To see what's going on in your Working Directory run git status, which will tell you what branch you're on, whether your Local Repository is different from the Remote and the state of tracked and untracked files.

You'll see that Bob.txt is untracked, and git status even tells you how to change that.

In the picture below you can see what happens when you follow the advice and execute git add Bob.txt: You've added the file to the Staging Area, in which you collect all the changes you wish to put into Repository

When you have added all your changes (which right now is only adding Bob), you're ready to commit what you just did to the Local Repository.

The collected changes that you commit are some meaningful chunk of work, so when you now run git commit a text editor will open and allow you to write a message telling everything what you just did. When you save and close the message file, your commit is added to the Local Repository.

You can also add your commit message right there in the command line if you call git commit like this: git commit -m "Add Bob". But because you want to write good commit messages you really should take your time and use the editor.

Now your changes are in your local repository, which is a good place for the to be as long as no one else needs them or you're not yet ready to share them.

In order to share your commits with the Remote Repository you need to pushthem.

Once you run git push the changes will be sent to the Remote Repository. In the diagram below you see the state after your push.

Making changes

So far we've only added a new file. Obviously the more interesting part of version control is changing files.

Have a look at Alice.txt.

It actually contains some text, but Bob.txt doesn't, so lets change that and put Hi!! I'm Bob. I'm new here. in there.

If you run git status now, you'll see that Bob.txt is modified.

In that state the changes are only in your Working Directory.

If you want to see what has changed in your Working Directory you can run git diff, and right now see this:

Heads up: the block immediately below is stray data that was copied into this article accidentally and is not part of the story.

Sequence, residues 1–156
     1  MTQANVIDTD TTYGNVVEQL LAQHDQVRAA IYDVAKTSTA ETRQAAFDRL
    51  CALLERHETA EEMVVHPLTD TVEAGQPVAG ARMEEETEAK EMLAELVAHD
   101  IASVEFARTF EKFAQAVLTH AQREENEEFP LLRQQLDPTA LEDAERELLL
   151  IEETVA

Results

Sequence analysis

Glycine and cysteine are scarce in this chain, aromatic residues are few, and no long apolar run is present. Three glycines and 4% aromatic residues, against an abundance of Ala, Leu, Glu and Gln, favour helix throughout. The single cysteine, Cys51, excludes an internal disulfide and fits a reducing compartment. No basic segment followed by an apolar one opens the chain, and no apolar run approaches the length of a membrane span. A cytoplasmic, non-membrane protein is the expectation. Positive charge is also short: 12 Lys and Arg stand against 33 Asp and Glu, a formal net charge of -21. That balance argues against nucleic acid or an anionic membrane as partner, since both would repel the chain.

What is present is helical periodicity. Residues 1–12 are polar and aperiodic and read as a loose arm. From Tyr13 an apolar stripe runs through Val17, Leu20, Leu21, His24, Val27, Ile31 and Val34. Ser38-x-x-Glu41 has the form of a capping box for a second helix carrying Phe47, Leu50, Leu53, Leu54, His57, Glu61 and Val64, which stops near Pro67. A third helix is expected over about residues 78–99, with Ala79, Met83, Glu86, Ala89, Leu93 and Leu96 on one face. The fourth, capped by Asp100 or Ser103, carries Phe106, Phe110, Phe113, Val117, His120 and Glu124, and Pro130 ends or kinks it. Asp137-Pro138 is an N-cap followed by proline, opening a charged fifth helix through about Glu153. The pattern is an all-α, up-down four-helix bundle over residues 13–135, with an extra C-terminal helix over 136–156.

diff --git a/Bob.txt b/Bob.txt
index e69de29..3ed0e1b 100644
--- a/Bob.txt
+++ b/Bob.txt
@@ -0,0 +1 @@
+Hi!! I'm Bob. I'm new here.

Go ahead and git add Bob.txt like you've done before. As we know, this moves your changes to the Staging Area.

I want to see the changes we just staged, so let's show the git diff again! You'll notice that this time the output is empty. This happens because git diff operates on the changes in your Working Directory only.

To show what changes are staged already, we can use git diff --stagedand we'll see the same diff output as before.

I just noticed that we put two exclamation marks after the 'Hi'. I don't like that, so lets change Bob.txt again, so that it's just 'Hi!'

If we now run git status we'll see that there's two changes, the one we already staged where we added text, and the one we just made, which is still only in the working directory.

We can have a look at the git diff between the Working Directory and what we've already moved to the Staging Area, to show what has changed since we last felt ready to stage our changes for a commit.

diff --git a/Bob.txt b/Bob.txt
index 8eb57c4..3ed0e1b 100644
--- a/Bob.txt
+++ b/Bob.txt
@@ -1 +1 @@
-Hi!! I'm Bob. I'm new here.
+Hi! I'm Bob. I'm new here.

As the change is what we wanted, let's git add Bob.txt to stage the current state of the file.

Now we're ready to commit what we just did. I went with git commit -m "Add text to Bob" because I felt for such a small change writing one line would be enough.

As we know, the changes are now in the Local Repository.

We might still want to know what change we just committed and what was there before.

We can do that by comparing commits.

Every commit in git has a unique hash by which it is referenced.

If we have a look at the git log we'll not only see a list of all the commits with their hash as well as Author and Date, we also see the state of our Local Repository and the latest local information about remote branches.

Right now the git log looks something like this: